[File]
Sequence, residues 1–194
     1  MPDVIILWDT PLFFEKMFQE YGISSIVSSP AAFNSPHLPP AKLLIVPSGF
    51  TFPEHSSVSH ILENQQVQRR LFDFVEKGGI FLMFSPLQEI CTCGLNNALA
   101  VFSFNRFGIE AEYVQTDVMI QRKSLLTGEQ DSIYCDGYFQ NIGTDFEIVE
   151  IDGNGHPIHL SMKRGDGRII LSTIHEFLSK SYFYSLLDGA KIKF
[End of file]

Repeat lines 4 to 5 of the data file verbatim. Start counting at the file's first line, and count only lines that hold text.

   101  VFSFNRFGIE AEYVQTDVMI QRKSLLTGEQ DSIYCDGYFQ NIGTDFEIVE
   151  IDGNGHPIHL SMKRGDGRII LSTIHEFLSK SYFYSLLDGA KIKF